The Mercury, 15 July 2011
PROUD forestry operator Michael Woods is from a generation that does not ask for help.
Men like him just roll up their sleeves and get on with the job.
But having to sack his two sons from his log-harvesting business Eastern Tiers this year as the company that he built over two decades collapsed around him left the 52-year-old in a position he never thought possible.
"I'm seeing a psychologist to help me through it," he said.
"I'm a baby-boomer -- the generation raised on having a cup of concrete and hardening up if you're having a problem.
"But this, this is something different altogether. This is bloody hard."
Mr Woods's sons were forced to leave their Triabunna home, heading to the North-West where they found work.
Leaving the East Coast town is something Mr Woods said he is also forced to consider after Gunns announced it had sold its Triabunna woodchip mill to buyers with plans to transform it into a tourism hub.
Mr Woods said that after closing down his business he remained about $800,000 in debt, despite receiving an $815,000 exit package from the Federal Government to quit the haulage and harvesting sector and selling about $6 million worth of machinery.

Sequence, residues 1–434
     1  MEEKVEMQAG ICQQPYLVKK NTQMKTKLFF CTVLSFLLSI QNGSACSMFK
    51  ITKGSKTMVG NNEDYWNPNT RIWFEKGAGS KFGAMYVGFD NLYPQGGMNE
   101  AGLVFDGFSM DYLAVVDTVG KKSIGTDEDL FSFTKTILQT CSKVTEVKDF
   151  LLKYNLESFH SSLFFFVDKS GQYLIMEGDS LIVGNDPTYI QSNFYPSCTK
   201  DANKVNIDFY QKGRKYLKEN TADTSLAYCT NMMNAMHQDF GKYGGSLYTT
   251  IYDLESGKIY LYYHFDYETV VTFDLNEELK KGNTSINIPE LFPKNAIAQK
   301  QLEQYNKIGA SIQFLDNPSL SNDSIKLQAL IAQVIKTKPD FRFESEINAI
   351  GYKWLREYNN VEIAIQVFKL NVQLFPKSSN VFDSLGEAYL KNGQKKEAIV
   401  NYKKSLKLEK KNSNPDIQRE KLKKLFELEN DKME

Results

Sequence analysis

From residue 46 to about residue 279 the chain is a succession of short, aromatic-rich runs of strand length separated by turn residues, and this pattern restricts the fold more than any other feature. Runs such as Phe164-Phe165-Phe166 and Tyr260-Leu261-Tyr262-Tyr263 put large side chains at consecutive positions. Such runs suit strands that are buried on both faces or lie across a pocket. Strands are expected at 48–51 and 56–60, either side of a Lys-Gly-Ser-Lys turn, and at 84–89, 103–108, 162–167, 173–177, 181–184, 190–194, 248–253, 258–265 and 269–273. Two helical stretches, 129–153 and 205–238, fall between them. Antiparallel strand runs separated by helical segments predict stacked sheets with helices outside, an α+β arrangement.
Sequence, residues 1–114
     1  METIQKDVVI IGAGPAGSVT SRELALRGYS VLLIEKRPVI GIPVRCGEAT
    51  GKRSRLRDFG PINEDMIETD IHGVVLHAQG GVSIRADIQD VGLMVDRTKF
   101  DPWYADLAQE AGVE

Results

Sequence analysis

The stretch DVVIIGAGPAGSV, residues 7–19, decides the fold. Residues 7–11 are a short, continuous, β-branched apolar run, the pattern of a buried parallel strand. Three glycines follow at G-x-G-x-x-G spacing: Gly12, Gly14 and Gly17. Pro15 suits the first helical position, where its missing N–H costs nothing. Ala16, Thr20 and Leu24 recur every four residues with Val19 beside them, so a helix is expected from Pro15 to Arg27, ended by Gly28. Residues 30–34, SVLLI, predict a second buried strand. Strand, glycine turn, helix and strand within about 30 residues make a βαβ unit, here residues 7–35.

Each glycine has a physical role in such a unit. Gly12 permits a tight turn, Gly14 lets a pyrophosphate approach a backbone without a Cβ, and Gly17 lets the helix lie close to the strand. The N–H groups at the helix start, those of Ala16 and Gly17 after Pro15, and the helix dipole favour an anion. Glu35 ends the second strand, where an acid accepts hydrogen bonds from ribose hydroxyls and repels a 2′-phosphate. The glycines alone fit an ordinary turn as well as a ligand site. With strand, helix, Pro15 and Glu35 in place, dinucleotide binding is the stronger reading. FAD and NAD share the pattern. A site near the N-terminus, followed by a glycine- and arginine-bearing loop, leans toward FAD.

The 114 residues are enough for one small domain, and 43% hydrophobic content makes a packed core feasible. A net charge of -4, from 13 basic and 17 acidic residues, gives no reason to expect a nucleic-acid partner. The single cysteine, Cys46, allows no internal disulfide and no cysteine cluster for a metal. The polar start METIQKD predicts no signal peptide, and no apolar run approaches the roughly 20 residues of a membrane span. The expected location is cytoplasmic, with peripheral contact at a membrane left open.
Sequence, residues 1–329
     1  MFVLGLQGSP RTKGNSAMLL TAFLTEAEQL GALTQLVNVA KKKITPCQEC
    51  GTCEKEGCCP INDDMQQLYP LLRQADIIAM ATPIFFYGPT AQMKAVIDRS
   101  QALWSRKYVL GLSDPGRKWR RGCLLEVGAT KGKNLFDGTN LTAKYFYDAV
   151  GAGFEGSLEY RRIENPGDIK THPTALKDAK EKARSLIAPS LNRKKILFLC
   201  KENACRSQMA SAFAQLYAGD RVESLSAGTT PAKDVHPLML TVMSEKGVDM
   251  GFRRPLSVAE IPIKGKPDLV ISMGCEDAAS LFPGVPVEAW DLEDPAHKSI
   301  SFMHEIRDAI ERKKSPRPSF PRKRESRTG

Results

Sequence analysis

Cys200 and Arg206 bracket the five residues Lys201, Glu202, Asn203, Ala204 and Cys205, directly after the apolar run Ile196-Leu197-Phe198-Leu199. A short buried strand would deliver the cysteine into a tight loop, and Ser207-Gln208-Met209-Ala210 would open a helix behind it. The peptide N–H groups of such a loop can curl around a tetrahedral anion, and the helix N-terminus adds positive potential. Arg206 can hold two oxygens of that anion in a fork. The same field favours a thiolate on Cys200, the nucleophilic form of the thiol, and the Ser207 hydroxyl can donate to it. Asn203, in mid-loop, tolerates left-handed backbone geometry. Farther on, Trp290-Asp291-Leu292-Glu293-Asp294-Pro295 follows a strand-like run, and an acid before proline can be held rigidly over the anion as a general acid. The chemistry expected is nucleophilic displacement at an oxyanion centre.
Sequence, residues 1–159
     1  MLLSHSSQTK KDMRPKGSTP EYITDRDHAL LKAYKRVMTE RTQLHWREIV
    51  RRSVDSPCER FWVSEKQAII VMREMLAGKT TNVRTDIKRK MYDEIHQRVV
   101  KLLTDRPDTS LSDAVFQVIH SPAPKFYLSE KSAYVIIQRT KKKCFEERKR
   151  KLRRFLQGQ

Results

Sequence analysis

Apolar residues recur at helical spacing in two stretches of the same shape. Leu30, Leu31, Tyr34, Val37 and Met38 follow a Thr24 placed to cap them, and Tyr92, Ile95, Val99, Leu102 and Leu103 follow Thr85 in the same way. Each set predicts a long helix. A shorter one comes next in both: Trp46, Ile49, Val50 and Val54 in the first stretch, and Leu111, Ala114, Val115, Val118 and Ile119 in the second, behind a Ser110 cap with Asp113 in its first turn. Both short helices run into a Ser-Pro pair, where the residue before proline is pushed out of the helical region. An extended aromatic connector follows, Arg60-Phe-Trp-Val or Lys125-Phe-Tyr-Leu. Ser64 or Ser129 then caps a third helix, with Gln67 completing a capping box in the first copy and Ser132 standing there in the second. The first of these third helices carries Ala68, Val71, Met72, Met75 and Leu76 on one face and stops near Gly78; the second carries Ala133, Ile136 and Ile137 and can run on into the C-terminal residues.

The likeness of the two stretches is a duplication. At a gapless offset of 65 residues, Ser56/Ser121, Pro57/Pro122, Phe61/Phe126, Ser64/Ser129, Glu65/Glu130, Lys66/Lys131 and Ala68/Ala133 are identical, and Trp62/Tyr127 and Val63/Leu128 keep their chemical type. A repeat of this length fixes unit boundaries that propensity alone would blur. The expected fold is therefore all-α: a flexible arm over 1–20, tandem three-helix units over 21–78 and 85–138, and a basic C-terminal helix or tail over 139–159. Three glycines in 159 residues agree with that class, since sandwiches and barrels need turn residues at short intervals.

"The future here is uncertain, working in Western Australia, in mining, is probably one of only a few options right now," he said.
"I'm selling scraps of firewood just to put bread and butter on the table, because the industry's been destroyed and with this sale of the mill the future's just too uncertain."
To say Mr Woods feels hatred for Gunns is an understatement.
With his teeth clenched he yesterday said he held them responsible for the collapse of his business, through painfully low payments and a sudden exit from native forests.
He also held them responsible for his family's pain with the uncertainty created through the sale of the Triabunna mill.
"What they've done, they've ruined me," he said.
"I'm 52, I've absolutely worked my butt off and created a business that's successful.
"We had a succession plan in place but one company, just one company, has ruined my life and my family's -- I'm not the only contractor who feels this way."
Mr Woods said financial worries and the town's uncertainty were affecting his daughter Hannah, 11.
"From a family's perspective it's terrible," he said. "My youngest, Hannah, was sitting on the jetty the other night writing a list of ideas of how to help Mummy and Daddy get money."
Mr Woods's wife, Glamorgan Spring Bay councillor Jenny Woods, said Hannah suggested she become a contestant on the TV game show Deal or No Deal.
"We have children who are suffering because of this deal," she said.